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World Bank: Public in Favor of Global Health Initiatives

world bankA new study from the World Bank shows a growing emphasis on global health concerns among the public in developed countries.

The study asked respondents in France, Germany, Japan, the United States and the United Kingdom a series of questions about global issues. A total of 4,000 interviews were conducted, including some that focused on members of the public with university degrees who follow global news closely.

The study reached three important conclusions.

First, many people were concerned about global health and outbreaks of infectious diseases. This is largely due to the outbreak of Ebola, which made headlines around the world in previous months.

In total, 72 percent of those polled followed Ebola news closely over the past year. Among those respondents who are college-educated and who follow global news closely, 85 percent followed Ebola news closely.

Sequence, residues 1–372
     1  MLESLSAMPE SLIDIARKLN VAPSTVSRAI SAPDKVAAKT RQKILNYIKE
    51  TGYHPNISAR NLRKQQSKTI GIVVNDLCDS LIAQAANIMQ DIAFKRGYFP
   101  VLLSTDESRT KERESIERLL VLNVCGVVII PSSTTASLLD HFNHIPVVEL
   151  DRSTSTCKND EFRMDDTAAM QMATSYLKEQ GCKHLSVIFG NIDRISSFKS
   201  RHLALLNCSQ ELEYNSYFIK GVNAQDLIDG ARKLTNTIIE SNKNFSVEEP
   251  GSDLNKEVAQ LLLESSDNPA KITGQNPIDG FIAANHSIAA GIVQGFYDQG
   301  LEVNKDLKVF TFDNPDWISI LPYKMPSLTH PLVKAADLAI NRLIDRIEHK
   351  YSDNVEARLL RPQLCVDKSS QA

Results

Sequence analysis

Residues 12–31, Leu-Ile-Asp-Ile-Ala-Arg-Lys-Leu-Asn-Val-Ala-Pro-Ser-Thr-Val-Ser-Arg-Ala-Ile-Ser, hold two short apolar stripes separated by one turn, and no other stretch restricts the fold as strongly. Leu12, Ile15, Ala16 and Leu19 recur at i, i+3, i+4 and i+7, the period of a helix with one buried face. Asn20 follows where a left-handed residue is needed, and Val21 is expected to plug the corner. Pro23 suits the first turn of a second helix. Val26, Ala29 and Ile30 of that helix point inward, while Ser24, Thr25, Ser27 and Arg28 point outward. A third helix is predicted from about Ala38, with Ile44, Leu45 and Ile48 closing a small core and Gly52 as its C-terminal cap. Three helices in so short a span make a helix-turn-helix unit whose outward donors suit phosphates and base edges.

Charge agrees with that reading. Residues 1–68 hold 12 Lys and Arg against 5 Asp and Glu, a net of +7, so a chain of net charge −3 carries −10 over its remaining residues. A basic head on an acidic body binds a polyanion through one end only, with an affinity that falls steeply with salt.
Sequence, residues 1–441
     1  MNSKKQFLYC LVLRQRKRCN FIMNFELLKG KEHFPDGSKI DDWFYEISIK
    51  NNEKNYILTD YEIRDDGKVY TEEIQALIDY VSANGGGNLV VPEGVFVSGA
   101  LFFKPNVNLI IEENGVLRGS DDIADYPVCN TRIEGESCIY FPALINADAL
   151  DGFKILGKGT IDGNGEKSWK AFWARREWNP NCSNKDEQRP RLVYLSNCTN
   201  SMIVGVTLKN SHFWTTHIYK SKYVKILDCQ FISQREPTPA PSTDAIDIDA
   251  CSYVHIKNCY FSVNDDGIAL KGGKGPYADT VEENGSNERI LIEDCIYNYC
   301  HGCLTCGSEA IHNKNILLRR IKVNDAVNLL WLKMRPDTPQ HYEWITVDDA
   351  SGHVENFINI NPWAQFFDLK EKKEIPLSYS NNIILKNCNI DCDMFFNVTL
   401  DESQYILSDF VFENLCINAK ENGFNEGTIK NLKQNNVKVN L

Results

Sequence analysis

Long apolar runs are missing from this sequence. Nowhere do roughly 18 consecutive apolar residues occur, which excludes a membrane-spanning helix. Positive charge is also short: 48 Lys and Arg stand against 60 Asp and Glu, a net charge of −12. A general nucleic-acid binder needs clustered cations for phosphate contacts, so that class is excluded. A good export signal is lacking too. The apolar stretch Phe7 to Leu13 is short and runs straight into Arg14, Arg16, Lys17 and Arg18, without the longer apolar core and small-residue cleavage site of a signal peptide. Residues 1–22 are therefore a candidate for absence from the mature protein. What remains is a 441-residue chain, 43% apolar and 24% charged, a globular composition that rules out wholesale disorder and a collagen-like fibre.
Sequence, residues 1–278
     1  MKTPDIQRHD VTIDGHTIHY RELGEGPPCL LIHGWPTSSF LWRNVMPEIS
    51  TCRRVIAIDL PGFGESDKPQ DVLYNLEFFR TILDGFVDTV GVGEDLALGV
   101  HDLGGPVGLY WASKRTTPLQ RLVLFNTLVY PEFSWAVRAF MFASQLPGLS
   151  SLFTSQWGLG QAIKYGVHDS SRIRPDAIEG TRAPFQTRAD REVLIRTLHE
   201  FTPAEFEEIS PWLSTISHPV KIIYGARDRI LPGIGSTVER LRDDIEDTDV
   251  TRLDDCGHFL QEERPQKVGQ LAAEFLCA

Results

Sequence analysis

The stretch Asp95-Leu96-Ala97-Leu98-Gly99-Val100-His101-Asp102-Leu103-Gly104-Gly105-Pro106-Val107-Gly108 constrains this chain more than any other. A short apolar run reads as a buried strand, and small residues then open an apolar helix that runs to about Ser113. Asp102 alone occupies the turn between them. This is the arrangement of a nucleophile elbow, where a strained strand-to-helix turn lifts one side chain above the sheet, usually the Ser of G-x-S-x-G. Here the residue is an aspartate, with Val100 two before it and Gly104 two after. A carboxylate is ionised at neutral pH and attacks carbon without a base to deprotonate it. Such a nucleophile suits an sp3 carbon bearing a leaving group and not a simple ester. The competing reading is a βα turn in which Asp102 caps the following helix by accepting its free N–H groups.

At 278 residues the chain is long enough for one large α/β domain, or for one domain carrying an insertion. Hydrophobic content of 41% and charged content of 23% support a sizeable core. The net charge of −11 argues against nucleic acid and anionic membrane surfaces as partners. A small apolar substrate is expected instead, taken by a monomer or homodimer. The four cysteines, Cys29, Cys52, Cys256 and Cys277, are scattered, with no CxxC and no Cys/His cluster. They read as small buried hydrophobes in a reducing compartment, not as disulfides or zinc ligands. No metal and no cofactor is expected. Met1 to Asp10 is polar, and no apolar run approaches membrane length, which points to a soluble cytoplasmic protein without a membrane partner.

Many respondents (31 percent) ranked global health as one of their top three important concerns, just behind terrorism (60 percent) and global warming (40 percent).

Respondents were also concerned that their country was not ready for the next global health outbreak. According to 40 percent of responses, the global community will face an epidemic within the next ten years. Those living in the United States, the United Kingdom and France were most concerned about global infectious disease preparedness.

Finally, and perhaps most importantly, respondents in the survey agreed that it would be of great benefit to increase funding for global health measures in the developing world.

Doing so, most believed, would protect their own countries from the spread of infectious diseases originating abroad. Many felt this would be cost-effective and were supportive of doctors and nurses from their own countries going abroad to help.

The results shed light on changes in public perception of global health following the Ebola outbreak. The anxiety stemming from that event has launched global health into the forefront of international issues, alongside terrorism and global warming.

There is hope that this increased awareness might result in greater levels of funding for preventive measures.

Kevin McLaughlin

Sources: Devex, Newsweek, World Bank

Sources: Pixabay